This new series of books is devoted to trends in race, ethnicity, and gender politics over the past decade:
This new book series invites studies that examine and explain the political consequences of these dramatic transformations. Specifically, the series will publish leading-edge theoretical and empirical research that highlights and analyzes the complex and profound ways that either race, ethnicity, gender, or their various intersections, shape and influence political institutions, individual attitudes and behaviors, social norms, and the policy-making process. We especially encourage and promote projects that use intersectionality analytical research designs, designs that focus specifically on the complex ways race, ethnicity, and gender intersect and interact to shape politics and public policies.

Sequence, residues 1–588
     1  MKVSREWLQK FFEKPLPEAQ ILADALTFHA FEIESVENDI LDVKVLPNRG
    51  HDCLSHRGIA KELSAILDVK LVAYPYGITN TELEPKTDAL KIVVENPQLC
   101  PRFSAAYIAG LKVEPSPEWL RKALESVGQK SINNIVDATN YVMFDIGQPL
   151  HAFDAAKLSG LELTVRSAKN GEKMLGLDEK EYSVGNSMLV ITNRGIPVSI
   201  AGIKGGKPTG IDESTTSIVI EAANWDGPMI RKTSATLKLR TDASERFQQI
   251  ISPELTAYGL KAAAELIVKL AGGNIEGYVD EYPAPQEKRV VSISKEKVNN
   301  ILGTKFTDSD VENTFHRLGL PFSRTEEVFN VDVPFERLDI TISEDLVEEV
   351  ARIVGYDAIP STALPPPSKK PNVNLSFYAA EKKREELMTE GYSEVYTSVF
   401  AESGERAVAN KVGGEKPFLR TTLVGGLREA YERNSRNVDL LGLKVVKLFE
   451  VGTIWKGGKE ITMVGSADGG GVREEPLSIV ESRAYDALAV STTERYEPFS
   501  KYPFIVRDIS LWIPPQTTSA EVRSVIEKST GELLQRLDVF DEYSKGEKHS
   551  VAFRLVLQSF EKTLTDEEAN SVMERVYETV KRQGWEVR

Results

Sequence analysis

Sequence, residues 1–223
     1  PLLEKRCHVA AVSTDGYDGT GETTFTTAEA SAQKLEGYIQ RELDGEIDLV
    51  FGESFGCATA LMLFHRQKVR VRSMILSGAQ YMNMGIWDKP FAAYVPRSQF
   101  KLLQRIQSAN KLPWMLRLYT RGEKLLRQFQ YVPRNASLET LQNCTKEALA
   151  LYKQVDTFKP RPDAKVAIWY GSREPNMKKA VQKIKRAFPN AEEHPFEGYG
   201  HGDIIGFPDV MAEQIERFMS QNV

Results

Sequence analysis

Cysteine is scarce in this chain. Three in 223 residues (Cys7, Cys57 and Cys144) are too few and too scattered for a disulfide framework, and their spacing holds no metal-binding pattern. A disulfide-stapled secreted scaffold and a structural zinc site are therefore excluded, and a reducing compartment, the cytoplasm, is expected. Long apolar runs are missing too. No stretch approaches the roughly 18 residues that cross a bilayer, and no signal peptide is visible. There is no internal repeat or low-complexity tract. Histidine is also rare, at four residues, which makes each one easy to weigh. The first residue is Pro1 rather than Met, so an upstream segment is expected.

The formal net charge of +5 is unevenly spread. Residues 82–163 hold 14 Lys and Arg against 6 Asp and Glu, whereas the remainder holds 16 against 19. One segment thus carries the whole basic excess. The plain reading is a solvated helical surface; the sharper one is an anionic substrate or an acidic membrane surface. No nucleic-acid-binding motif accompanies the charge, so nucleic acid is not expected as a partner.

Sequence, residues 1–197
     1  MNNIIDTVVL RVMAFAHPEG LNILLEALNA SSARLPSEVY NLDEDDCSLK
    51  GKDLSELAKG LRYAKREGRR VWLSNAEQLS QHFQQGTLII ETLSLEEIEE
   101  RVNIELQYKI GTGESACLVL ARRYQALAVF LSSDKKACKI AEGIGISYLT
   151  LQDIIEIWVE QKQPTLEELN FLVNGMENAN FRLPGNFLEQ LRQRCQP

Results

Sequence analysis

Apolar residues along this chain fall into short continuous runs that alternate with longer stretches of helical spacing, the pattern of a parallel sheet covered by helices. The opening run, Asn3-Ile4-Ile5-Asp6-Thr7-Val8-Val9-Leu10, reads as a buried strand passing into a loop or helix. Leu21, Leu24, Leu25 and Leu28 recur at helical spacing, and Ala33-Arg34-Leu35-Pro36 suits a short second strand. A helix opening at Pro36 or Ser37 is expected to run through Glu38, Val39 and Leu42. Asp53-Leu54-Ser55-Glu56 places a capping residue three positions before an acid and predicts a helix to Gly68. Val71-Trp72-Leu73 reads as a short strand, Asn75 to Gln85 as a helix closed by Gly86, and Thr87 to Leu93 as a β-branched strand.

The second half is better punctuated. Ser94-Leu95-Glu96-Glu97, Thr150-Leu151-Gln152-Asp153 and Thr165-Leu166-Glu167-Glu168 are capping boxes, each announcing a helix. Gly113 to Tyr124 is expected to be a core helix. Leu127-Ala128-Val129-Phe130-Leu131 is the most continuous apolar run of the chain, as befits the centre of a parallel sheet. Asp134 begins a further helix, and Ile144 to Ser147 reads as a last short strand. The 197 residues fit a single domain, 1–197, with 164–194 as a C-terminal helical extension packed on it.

A wide range of book types are invited for the series:
Topics we are seeking include:
Published in collaboration with The Center for the Study of Race, Ethnicity, and Gender in the Social Sciences (REGSS) at Duke University.
To propose a book for the series, write:
By Evelyn M. Simien
April 18, 2022
Historic Firsts in U.S. Elections:Trailblazing Candidates in Gubernatorial, Congressional, and Mayoral Campaigns examines barrier-breaking figures across various types of elective offices and constituent groups. The moment in which historic firsts enter the electoral arena, and the unique campaigns...
By Sharon Navarro, Lilliana Saldaña
December 31, 2020
This book illuminates the ways in which Chicanas, Puerto Rican women, and other Latinas organize and lead social movements, either on the ground or digitally, in major cities of the continental United States and Puerto Rico. It shows how they challenge racism, sexism, homophobia, and anti-immigrant...
By Candis Watts Smith, Christina Greer
October 24, 2018
Black Politics in Transition considers the impact of three transformative forces—immigration, suburbanization, and gentrification—on Black politics today. Demographic changes resulting from immigration and ethnic blending are dramatically affecting the character and identity of Black populations ...